This is the first of four devotionals based on 2 Chronicles 20: 1-30.
King Jehoshaphat is informed that a massive army has come to annihilate Judah, and he gathers the entire community for prayer at the temple. After he prays, the word of the Lord comes to the assembled community through Jahaziel, calling them to stand firm because the Lord will take care of this enemy.
The narrative concludes with a description of this miraculous deliverance. We’ll walk through this narrative in four parts.
Alarmed, Jehoshaphat resolves to inquire of the Lord and he proclaimed a fast for all Judah. The people of Judah came together to seek help from the Lord; indeed, they came from every town in Judah to seek him. Jehoshaphat stood up in the assembly of Judah and Jerusalem at the temple of the Lord in the front of the new courtyard. All the men of Judah, with their wives and children and little ones, stood there before the Lord. (2 Chronicles 20: 3-5, 13)
And the little ones
This has been my go-to leadership passage ever since COVID shut us all down just over three years ago.
Just as we were faced with a leadership crisis for which no clear solutions were apparent, Judah was faced with probable annihilation, and there seemed to be no way out.
Jehoshaphat’s response to this news is remarkable.
Immediately he proclaimed a fast and a prayer meeting for the entire community, including the little ones. Imagine explaining this to your six year old grandson. “Levi, we’re going to walk twenty miles to the temple. No, it’s not Passover. The king has called us for a special gathering and he wants you to be there too! No, I’m not sure what is going to happen and I don’t know why he wants you to join. This is new for me too. Hold my hand as we walk, and we’ll both find out what the king has in mind.”
This is a crisis that will affect every single member of the community from the oldest to the youngest, and every single member is gathered in front of the temple courtyard, ready to listen to their king.
Jehoshaphat embodies the “over-communicate during a crisis” leadership principle.
I read an article last week that observed that many church leaders under-communicated both during the pandemic and afterwards for two reasons: (1) they didn’t have clear answers to give, and (2) they knew that a segment of their members were prone to reactive anger. They leaned into a conflict-avoidant posture.
But I’m also aware of many congregations that practiced the “over-communicate principle” in marvelous ways. One friend mentioned that during the first year of the pandemic, his pastor called his home (and every member’s home) for a two minute check-in (not longer!) once every three weeks. He said, “We all know what she’s doing, and we make sure the check-in doesn’t go longer than two minutes. But it’s amazing how much care and trust can be strengthened in two minute installments.”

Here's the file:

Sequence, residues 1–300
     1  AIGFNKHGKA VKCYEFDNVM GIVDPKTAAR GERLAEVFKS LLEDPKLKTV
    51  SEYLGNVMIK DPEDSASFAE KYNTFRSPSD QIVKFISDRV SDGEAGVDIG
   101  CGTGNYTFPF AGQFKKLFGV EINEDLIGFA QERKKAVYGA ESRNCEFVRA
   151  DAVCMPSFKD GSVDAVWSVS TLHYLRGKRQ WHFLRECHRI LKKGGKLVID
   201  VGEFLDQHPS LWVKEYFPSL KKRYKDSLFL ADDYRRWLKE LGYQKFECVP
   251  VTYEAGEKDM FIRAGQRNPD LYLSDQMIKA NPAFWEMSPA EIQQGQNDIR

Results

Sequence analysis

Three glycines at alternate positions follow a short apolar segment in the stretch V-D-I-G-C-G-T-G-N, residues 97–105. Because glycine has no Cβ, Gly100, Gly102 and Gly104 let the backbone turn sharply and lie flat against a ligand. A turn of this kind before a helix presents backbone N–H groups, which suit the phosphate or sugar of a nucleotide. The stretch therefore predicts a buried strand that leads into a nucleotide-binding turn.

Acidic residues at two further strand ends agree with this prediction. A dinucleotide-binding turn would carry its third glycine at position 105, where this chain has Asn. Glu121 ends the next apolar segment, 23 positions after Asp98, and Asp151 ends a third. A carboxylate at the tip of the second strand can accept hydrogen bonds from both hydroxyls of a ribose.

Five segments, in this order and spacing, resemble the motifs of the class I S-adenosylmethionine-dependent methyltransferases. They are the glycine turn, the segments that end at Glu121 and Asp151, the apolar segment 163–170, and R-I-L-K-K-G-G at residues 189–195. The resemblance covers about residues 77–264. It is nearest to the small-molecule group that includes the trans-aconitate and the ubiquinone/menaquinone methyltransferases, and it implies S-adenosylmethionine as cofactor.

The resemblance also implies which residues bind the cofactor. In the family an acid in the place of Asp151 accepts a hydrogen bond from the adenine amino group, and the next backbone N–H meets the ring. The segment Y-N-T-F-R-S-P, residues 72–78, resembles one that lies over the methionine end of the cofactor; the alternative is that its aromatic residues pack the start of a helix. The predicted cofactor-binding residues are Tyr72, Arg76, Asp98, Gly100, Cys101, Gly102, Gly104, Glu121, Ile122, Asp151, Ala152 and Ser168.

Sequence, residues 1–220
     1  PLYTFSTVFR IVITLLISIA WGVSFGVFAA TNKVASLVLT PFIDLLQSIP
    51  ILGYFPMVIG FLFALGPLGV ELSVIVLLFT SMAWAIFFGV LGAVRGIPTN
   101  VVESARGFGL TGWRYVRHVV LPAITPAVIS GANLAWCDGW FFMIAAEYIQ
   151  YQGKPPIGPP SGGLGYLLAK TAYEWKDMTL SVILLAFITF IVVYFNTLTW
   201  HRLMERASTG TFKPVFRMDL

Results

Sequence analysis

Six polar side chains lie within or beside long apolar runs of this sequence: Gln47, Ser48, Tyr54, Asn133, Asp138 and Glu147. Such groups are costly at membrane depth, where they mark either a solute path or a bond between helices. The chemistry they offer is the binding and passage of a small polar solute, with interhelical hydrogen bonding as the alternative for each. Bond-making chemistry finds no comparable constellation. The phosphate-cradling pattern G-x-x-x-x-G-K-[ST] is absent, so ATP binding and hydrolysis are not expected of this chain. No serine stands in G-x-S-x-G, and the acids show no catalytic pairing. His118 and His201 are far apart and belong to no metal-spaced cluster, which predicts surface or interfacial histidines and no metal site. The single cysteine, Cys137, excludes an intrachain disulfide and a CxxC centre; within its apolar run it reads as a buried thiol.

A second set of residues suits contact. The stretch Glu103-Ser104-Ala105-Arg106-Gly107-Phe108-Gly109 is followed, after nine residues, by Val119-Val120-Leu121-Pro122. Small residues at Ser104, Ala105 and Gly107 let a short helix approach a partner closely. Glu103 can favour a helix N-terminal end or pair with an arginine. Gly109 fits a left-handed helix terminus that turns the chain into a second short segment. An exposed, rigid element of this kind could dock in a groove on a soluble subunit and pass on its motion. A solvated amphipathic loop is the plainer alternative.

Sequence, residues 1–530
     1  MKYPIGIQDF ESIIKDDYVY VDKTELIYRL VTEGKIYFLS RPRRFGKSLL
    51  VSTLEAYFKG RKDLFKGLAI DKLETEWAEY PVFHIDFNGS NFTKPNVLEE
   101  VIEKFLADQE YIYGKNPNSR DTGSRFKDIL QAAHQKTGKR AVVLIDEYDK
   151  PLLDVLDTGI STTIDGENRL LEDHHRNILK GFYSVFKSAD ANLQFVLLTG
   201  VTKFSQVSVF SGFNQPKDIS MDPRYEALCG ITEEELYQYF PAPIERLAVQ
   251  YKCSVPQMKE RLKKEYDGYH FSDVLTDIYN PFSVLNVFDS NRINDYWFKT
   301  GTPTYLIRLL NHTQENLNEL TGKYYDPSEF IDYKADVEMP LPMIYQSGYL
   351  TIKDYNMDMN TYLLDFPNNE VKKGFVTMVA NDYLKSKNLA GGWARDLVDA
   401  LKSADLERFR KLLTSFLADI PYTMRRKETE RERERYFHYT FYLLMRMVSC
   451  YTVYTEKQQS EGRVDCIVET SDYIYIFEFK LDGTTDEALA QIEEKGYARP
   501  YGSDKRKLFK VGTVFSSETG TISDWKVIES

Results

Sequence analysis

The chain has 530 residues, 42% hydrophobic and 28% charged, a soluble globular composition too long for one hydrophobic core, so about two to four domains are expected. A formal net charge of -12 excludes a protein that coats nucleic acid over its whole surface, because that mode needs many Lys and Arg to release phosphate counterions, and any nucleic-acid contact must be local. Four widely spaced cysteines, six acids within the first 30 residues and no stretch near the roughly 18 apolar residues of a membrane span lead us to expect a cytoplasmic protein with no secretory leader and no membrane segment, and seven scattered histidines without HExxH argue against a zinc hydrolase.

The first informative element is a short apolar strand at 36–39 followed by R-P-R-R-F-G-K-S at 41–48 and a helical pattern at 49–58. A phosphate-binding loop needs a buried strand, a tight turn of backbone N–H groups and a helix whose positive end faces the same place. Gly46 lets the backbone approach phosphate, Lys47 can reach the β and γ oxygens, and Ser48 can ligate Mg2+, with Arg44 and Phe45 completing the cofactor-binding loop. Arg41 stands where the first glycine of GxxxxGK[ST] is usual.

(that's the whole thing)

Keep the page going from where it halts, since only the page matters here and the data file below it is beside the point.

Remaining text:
A local pastor colleague began posting a short devotional that he would read out loud on the church website every Monday to Friday. He still continues to do this every week.
I just walk through a book of the Bible, and offer a brief encouragement.
After three years of five days a week, people have become eager for this daily word of assurance from a voice that they know and trust.
We understand why this is effective. And perhaps you’re saying to yourself, “I’ve been exhausted these past three years; I don’t have that kind of stamina.” But both pastors recounted how energized they have become by these channels of communication.
The practice of over communication embodies the values of respect and transparency. The literature that describes loss of trust in leadership in our society (including the church) is voluminous; trust takes an even greater beating during times of crisis, but giving respect transparently is the cornerstone of earning, maintaining, and strengthening trust.
The narrator of 2 Chronicles does not describe for us how the multi-generational crowd in the temple courtyard responded to Jehoshaphat’s over communication during this crisis. From our own experience, we can guess that these community-strengthening values of trust and respect were present there as well.
As Jehoshaphat’s story unfolds (during the next three weeks), that guess will be reinforced.
And what about you? How would you describe the shape of the communication you and your team have practiced these past three years? What have you learned that might bless others? What might you tweak to strengthen communal trust?
Written by Syd Hielema
Currently serving the CRCNA as a Regional Pastor
Former Director of Faith Formation Ministries and the Connections project
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Thank you for sharing this and yes totally agree, over communicating is better. This is encouraging for me as an administrator of our church.